Nokia CEO Pekka Lundmark (pictured) cited a substantial need for operators globally to invest in 5G beyond 2023 in its Q2 financial statement, where it reported a decline in investment in North America and macroeconomic challenges impacting its business.

The vendor flagged a cut in its annual forecast last week. It reported a 3 per cent year-on-year drop in net sales to €5.7 billion and a 37 per cent fall in net profit to €289 million.

In its mobile network business, Lundmark credited 5G deployments in India for offsetting weakness in North America, with overall revenue up slightly but operating profit down €85 million to €206 million.

Nokia’s fixed-line infrastructure unit also suffered, with overall revenue down 8 per cent, largely due to an 11 per cent decline in IP network sales.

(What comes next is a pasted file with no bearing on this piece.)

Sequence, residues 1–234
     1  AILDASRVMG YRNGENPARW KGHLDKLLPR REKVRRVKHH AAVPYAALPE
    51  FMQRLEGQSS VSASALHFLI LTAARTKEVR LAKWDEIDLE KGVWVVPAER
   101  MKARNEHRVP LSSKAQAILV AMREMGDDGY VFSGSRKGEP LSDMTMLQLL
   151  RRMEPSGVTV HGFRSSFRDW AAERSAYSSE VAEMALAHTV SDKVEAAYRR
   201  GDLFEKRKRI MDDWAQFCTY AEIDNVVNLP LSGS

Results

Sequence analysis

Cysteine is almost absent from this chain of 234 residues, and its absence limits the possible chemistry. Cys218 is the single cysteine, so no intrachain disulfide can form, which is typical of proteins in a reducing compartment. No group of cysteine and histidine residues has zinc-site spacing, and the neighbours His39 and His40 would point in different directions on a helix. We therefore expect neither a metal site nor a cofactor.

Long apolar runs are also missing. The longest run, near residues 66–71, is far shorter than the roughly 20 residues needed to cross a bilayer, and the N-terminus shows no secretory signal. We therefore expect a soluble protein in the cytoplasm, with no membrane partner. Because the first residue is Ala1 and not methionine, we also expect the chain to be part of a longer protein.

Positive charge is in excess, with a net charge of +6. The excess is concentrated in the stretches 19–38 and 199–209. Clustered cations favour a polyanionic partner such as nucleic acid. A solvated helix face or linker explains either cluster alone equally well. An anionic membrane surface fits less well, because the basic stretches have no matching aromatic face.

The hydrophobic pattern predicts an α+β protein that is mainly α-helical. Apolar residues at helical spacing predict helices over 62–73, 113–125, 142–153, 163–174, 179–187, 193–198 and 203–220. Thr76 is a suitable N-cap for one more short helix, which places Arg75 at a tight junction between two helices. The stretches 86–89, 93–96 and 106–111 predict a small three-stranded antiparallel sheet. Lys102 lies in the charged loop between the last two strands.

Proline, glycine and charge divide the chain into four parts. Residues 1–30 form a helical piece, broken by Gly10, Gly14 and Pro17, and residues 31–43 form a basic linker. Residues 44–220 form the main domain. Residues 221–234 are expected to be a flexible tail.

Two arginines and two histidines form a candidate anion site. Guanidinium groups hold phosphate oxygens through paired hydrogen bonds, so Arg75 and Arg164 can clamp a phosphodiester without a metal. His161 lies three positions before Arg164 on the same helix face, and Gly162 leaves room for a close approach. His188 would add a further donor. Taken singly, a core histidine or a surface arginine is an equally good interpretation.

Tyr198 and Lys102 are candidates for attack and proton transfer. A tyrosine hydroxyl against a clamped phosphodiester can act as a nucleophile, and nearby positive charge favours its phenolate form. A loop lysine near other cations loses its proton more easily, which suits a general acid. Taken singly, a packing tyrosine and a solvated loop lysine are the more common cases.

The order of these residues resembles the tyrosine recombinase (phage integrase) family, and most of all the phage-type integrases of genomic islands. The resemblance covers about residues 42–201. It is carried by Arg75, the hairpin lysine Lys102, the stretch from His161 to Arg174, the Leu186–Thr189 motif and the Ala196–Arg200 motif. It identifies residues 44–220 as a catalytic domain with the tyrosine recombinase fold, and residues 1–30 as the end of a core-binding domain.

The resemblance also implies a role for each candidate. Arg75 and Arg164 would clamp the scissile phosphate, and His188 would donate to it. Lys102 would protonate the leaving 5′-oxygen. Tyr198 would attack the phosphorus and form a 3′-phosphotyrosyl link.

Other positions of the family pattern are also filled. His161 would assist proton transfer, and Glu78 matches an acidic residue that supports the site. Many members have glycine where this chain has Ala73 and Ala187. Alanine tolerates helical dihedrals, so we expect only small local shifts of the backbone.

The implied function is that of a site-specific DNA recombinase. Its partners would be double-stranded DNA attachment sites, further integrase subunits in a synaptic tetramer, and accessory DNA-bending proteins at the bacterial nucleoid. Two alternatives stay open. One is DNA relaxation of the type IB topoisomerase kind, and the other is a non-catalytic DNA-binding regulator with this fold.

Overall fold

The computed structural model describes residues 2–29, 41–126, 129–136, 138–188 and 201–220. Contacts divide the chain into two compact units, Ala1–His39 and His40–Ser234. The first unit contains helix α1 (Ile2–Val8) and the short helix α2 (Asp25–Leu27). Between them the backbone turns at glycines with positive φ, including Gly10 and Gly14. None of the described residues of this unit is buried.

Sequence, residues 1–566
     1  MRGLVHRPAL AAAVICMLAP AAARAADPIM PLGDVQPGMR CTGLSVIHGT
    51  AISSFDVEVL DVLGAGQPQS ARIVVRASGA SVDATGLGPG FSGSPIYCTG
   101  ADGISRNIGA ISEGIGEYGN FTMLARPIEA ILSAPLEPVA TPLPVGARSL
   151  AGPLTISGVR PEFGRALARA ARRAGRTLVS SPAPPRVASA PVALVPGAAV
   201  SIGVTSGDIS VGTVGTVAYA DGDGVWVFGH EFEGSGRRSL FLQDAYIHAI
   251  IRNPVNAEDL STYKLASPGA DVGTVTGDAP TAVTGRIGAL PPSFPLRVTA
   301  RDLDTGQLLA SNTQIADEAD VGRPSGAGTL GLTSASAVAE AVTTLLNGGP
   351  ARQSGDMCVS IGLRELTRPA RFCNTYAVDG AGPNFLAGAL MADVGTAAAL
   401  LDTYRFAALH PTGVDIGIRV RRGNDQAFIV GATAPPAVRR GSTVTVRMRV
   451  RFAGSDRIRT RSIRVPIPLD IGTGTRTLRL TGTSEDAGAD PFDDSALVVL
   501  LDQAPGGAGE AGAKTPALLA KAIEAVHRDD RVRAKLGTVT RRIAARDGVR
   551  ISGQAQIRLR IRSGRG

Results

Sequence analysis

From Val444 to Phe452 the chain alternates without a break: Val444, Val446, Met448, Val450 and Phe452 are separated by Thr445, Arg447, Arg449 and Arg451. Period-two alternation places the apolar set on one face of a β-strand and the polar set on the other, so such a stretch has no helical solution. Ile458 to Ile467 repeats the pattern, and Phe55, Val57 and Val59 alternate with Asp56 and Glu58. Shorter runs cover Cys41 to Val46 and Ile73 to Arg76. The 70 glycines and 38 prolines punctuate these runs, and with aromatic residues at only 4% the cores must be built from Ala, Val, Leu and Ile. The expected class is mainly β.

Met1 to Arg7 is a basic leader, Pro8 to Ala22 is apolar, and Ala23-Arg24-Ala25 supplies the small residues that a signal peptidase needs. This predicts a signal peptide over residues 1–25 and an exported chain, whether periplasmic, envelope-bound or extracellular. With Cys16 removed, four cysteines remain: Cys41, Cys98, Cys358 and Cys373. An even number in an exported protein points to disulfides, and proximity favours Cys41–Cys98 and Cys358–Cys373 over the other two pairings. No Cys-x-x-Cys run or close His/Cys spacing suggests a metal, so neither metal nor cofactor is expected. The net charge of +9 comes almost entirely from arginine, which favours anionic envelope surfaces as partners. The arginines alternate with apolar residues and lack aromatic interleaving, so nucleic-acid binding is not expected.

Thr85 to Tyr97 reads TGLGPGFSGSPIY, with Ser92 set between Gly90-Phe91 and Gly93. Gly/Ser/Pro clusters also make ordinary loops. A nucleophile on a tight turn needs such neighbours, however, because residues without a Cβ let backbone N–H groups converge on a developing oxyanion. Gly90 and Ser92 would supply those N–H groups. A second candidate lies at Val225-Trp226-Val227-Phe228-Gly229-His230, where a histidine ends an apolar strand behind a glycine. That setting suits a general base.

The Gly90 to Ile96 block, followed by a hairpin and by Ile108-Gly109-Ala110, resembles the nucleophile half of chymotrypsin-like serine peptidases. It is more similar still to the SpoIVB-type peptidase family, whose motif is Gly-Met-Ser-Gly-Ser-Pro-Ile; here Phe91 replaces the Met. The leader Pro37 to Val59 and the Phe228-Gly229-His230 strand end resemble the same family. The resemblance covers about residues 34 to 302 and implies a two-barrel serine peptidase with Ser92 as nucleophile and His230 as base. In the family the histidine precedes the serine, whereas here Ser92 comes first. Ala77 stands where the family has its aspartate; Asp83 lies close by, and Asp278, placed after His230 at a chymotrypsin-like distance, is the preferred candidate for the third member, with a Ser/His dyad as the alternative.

Lundmark said macroeconomic challenges and “inventory digestion” highlighted in Q1 had intensified in Q2 and predicted “these trends to continue to impact our business” in H2.

However, he added the company expected mobile and fixed infrastructure businesses to have “some sequential improvement visible into Q4”.

“Looking beyond 2023, in network infrastructure we believe these impacts are mostly short-term in nature and that moving forward we see growth opportunities supported by the work we have been doing to diversify our customer base by growing in enterprise and web scale.”

“In mobile networks, there is still substantial need for operators to invest in 5G globally, with only approximately 25 per cent of the potential mid-band 5G base stations so far deployed outside China.”